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Who should teach legal tech?

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Training in legal technology is gradually finding its way into law schools, even outside the English-speaking world. Still, we need to remain realistic. No matter how progressive they are, law schools offering these courses are the exception and not the rule. The truth is that the large majority of law graduates start their career without an introduction to legal technology and that very few practising lawyers had a chance to learn about this subject at all during their student years.

This means that, in an average legal department or law firm, probably only a handful of lawyers know what it is about unless they carry out research using their own initiative, i.e. during their “free” time and at their own cost, or they are encouraged to do so by managing partners or a Chief Legal Officer from an older generation. So, wouldn’t those organisations be interested in legal tech-savvy hires?

Being against the introduction of legal technology training for students as a matter of principle only makes sense for universities in a few instances. Namely, if the universities believe that students with this knowledge will not be an advantage in the hiring process or that it is not the university’s role to improve the employability of their legal graduates. In fact, if it is not the role of law schools to train students in legal practice, why organise moot courts, legal clinics or skill courses? Stressing the need to gain academic skills in law school rather than practical skills could even promote the introduction of a legal technology curriculum, since case law network analysis and other technology-enabled techniques can be powerful research methods.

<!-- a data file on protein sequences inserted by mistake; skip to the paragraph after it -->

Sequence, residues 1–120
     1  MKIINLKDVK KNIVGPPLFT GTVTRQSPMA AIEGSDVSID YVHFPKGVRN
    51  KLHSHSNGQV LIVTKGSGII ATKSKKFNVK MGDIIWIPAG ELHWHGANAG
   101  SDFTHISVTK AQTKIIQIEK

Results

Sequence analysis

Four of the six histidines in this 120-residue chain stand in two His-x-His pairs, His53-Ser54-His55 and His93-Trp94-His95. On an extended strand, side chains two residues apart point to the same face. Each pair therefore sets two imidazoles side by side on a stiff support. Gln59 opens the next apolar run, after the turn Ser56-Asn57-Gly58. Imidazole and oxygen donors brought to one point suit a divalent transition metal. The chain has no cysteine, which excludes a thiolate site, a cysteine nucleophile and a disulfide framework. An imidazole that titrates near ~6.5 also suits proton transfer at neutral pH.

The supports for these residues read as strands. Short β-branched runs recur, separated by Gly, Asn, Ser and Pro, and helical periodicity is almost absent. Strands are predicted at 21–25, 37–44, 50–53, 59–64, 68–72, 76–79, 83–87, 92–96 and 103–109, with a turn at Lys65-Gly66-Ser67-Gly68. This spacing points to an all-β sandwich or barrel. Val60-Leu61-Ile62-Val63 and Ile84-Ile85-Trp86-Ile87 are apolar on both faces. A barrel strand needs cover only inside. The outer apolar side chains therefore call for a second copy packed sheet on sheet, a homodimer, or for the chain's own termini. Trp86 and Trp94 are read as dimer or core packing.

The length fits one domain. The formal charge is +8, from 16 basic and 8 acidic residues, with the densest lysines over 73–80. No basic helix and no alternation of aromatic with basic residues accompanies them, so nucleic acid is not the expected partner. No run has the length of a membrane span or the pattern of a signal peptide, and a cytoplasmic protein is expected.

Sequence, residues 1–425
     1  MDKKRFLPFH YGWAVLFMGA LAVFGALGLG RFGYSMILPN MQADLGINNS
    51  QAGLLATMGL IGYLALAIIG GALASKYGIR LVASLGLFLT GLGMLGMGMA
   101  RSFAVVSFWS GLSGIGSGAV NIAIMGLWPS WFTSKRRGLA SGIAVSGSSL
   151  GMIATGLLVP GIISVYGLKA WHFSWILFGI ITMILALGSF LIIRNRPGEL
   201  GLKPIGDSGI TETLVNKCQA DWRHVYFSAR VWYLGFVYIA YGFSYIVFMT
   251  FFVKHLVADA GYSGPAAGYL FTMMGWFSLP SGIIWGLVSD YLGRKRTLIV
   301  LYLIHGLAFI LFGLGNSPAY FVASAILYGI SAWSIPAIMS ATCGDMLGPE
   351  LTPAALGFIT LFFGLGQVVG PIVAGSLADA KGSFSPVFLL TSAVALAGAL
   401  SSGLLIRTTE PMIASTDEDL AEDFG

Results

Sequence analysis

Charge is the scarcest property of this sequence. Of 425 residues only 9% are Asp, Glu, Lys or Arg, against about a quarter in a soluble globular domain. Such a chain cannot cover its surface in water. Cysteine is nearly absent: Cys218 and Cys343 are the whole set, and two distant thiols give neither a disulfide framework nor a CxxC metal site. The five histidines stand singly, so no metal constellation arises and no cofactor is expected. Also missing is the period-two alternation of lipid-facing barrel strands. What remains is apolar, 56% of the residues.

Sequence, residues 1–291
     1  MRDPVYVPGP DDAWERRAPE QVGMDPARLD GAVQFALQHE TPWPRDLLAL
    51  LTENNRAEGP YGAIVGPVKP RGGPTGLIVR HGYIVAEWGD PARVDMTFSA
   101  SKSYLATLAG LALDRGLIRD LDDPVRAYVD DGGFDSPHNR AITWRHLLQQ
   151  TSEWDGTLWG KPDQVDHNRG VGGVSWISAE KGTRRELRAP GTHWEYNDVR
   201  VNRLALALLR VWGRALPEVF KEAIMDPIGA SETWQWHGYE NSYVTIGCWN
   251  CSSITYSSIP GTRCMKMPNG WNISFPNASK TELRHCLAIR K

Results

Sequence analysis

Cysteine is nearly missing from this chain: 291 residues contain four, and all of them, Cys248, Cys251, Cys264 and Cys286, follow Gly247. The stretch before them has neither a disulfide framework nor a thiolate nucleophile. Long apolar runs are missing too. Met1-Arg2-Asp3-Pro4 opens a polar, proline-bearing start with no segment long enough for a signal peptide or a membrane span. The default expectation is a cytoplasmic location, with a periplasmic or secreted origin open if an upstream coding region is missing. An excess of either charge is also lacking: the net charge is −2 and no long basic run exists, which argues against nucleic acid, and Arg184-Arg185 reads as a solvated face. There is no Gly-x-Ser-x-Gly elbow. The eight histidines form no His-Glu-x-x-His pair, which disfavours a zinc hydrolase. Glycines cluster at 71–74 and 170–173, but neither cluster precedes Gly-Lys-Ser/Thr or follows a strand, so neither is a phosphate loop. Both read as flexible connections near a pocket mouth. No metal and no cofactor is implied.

Beyond the fundamental policy discussion on legal technology education, we must acknowledge that educational institutions face obstacles that the business world may underestimate.

– Administrative burdens: How to obtain the required accreditations? How to add a course to the curriculum without having to cancel another one? If it is an optional course, are there enough lecture rooms to welcome the students?

– Recruitment: Could a current staff member teach the course(s)? If the decision is made to involve a professor from the computer science or business faculty, how to deal with the interfaculty budgetary hurdles? And, if it is necessary to hire new staff members, what background should (s)he have? Should it be someone from the private sector? How to remunerate them?

– Content: While there seems to be an agreement that law schools should not teach how to use legal tech tools as such, what about creating or inventing them? Should it be an introductory course to technology and innovation, leaving it to the students to link this knowledge to their substantive legal courses? Or should it cover key topics in legal technology such as document automation, network analysis, legal design, natural language processing, etc.?